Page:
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I Need to Make a Dollar: Protest Songs of Illinois Workers, 1865 to 1970

A Road Scholar Program by Bucky Halker

No sooner had the gun barrels cooled from the Civil War than the nation’s burgeoning industrial workforce began to seek redress for a growing list of economic and political grievances. Illinois played a central role in that development as its coal mines, railroads, and iron mills paced the nation’s economy in the post-bellum years and throughout the Gilded Age. Workers from throughout the state marched to the forefront in the reborn labor movement for economic reform and justice in America. As they did so, labor poetry and song poured from their ranks.

Thousands of songs emanated from coal miners, textile operatives, iron molders, carpenters, bricklayers, and printers, calling for better wages, labor reform, shorter hours, improved work conditions, and greater democracy in the workplace, while celebrating the contributions of workers and labor to the state and nation. That labor’s anthem, &quotSolidarity Forever,&quot was composed in Illinois should hardly be a surprise. Until the deindustrialization of the 1970s, the state’s workers continued to sing for social change. Musician-historian Bucky Halker offers a musical presentation that features labor songs and poems from the end of the Civil War to 1970 and includes commentary on the history of industry and labor with each song.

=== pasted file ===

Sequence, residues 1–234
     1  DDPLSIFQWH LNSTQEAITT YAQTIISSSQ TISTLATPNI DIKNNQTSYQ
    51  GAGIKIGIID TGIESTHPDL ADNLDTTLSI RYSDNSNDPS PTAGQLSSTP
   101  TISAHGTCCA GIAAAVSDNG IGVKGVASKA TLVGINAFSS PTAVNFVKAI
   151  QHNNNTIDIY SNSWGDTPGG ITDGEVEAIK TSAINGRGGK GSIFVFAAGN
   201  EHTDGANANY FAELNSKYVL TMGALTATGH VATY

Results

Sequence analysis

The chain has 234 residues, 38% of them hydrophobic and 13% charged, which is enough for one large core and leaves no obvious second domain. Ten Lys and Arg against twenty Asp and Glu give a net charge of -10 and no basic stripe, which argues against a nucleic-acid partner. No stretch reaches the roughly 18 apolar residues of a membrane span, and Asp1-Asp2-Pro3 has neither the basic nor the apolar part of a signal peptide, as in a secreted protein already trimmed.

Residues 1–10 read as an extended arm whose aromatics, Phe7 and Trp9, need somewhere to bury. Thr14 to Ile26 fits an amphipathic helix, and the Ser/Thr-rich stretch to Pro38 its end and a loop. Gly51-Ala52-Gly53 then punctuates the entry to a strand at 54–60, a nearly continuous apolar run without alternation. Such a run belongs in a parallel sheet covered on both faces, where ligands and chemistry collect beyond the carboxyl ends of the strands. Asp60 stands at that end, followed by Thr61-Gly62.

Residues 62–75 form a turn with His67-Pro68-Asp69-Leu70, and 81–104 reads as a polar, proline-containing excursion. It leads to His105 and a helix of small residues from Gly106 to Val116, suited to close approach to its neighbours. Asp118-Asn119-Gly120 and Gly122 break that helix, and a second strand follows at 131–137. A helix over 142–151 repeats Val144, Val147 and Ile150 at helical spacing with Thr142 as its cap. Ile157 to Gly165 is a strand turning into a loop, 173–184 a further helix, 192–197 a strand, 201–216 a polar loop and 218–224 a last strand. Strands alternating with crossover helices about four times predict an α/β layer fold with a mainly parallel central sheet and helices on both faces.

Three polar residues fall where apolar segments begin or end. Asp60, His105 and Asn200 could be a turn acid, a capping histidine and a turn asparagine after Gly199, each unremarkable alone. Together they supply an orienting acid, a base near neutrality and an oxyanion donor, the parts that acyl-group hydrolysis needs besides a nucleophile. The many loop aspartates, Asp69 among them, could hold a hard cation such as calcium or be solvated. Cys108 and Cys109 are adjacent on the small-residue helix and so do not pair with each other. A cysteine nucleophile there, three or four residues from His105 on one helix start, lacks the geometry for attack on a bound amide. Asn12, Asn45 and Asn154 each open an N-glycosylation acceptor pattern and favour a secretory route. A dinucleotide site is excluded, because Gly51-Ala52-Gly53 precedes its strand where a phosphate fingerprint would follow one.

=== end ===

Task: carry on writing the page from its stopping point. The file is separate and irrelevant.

&quotI Need to Make a Dollar&quot typically runs 60-70 minutes, with additional time for a questions and discussion.

This event is Free and Open to the public.

For more information, please contact Kim Zumwalt,

Learn more about Bucky Halker.